A 23-year-old woman came in for a consultation. She was only about 3.5 feet tall and had coarse features, but clearly did not have achondroplasia. I quickly ran my mind over the differential diagnosis of short stature, and tried to recall the associated medical complications. She sat down and I asked what was wrong. She replied that she had frequent headaches and back pain and would like something to relieve them. After addressing this, I asked if she knew why she was so short. She seemed surprised by the question and made it clear that her height had never really troubled her.
Over and over, I found that my preconceptions got in the way of understanding the concerns of my patients. I had to reel back some of my worldviews and try to find how I could be most helpful for each individual. Often prayer and emotional support were more helpful than any medical treatment or advice I could give.
It was great to be able to see patients with no insurance companies to bill, no malpractice to worry about and no restrictions imposed by health plans or government rules. I got back in touch with what made me go into medicine in the first place: helping people. The experience was rejuvenating, and the gratitude and appreciation from my patients left me feeling as though I received more than I gave. Working from a pure motivation with no strings attached made me realize how jaded I had become, and how freeing it was to do medicine prayerfully as a service to God just for the sake of helping others.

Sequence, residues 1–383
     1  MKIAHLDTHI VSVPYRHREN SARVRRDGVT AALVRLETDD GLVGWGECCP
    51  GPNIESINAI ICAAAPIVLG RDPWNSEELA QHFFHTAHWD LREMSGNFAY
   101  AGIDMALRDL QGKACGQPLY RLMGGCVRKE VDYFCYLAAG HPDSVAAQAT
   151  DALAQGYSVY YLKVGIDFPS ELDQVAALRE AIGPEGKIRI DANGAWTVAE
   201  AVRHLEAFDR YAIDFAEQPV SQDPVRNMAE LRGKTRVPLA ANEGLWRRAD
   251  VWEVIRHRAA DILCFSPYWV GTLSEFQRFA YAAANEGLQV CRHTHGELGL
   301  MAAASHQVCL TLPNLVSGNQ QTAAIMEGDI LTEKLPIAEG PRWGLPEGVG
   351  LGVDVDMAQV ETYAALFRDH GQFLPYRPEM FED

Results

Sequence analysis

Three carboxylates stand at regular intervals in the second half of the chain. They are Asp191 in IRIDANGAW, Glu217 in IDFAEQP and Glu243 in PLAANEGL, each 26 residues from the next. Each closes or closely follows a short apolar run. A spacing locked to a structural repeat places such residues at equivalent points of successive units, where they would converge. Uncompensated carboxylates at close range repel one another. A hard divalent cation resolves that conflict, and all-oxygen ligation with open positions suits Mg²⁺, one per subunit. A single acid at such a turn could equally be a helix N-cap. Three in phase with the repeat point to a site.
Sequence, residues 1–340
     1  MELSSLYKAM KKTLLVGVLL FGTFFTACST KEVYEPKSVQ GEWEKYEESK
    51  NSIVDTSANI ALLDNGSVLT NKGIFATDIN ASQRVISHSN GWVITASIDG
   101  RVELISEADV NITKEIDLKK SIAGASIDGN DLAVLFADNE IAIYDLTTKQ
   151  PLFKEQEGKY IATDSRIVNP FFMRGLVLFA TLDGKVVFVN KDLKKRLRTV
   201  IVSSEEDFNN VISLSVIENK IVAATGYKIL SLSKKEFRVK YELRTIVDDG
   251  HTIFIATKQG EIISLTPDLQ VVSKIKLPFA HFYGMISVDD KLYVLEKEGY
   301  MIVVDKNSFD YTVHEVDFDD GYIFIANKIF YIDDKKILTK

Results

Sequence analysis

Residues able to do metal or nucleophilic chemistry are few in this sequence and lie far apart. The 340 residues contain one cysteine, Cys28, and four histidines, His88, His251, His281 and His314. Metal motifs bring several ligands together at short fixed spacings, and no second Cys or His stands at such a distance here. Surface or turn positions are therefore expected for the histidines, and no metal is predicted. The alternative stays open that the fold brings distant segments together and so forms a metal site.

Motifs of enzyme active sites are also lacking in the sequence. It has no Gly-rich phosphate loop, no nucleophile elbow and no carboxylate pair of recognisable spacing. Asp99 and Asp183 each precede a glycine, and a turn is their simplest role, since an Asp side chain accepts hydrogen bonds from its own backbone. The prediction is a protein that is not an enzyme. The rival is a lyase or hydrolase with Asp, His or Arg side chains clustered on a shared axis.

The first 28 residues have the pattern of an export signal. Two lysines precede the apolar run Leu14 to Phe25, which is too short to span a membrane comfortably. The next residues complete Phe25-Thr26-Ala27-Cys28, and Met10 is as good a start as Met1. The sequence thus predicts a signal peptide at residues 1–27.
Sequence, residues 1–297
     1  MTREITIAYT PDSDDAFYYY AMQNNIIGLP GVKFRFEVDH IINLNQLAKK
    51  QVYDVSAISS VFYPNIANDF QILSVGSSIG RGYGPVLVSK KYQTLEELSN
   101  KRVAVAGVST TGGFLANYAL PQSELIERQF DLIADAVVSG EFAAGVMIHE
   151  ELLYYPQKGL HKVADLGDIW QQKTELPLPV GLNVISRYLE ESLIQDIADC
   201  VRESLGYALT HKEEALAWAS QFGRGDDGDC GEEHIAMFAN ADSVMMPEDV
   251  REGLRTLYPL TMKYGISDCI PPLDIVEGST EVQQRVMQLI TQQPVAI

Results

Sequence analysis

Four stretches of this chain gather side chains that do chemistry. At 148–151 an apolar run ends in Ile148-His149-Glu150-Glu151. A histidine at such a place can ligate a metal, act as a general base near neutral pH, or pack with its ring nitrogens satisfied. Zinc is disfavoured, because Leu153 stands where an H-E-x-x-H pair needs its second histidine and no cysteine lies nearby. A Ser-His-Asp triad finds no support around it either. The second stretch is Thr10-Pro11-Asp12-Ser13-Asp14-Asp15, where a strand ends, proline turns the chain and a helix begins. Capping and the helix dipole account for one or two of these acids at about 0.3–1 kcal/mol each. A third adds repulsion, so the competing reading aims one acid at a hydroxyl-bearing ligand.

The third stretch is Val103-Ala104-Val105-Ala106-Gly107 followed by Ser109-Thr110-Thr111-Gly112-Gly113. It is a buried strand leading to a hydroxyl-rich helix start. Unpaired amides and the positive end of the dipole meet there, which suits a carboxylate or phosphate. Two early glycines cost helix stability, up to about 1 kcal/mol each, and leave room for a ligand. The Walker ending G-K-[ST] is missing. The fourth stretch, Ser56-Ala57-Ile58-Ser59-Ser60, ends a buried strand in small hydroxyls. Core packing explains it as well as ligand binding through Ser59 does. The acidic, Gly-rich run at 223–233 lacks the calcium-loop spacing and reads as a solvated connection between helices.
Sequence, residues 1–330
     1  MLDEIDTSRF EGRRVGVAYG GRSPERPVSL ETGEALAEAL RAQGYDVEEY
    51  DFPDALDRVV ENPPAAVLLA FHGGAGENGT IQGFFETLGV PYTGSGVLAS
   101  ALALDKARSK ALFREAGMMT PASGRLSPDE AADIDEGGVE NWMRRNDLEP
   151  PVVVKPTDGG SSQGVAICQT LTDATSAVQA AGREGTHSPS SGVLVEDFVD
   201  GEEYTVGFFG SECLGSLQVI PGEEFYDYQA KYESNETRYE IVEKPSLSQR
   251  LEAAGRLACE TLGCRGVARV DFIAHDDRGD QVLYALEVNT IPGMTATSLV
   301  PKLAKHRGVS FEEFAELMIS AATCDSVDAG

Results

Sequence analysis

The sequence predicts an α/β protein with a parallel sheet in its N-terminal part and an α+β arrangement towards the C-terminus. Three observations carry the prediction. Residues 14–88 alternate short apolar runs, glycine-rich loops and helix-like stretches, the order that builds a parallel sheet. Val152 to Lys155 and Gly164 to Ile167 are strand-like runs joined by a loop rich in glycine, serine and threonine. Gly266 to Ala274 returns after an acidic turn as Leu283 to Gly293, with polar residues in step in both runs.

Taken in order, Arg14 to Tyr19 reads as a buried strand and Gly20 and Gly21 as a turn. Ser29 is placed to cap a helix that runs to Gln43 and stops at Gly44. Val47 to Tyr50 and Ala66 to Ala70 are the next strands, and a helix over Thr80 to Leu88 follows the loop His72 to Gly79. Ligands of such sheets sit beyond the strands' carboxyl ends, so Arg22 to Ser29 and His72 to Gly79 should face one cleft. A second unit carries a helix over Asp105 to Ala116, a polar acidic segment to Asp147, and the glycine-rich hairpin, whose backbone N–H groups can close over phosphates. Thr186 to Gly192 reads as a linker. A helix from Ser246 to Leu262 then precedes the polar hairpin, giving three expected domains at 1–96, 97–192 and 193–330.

Towards the end of the trip, I received an email from my lawyer. The family had dropped the case. No reason given, they just dropped it. Previous requests to drop the case had been met with no success, and suddenly, out of the blue, it was over.
Receiving this news during the trip to Honduras definitely lifted a burden from my shoulders and I celebrated with my new friends. But the trip itself was what actually provided rest for my weary soul. The two events coinciding seemed to be a confirmation from God, and I felt truly blessed.
ABOUT THE AUTHOR
Emily Dalton, MD, is a general pediatrician in Northern California. She is the medical director of the local Sexual Assault Response Program, and covers emergency calls for deliveries and pediatrics at the local hospital. She is a periodic participant in CMDA mission trips. She is married and has four adult children.